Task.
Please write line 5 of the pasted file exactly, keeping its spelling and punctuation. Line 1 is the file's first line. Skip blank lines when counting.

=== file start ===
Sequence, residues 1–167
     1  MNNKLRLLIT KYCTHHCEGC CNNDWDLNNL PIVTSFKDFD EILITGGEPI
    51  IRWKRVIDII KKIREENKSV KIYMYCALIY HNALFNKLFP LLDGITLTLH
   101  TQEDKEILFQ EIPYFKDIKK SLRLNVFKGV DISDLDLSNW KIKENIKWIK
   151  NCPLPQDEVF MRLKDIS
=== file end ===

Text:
   151  NCPLPQDEVF MRLKDIS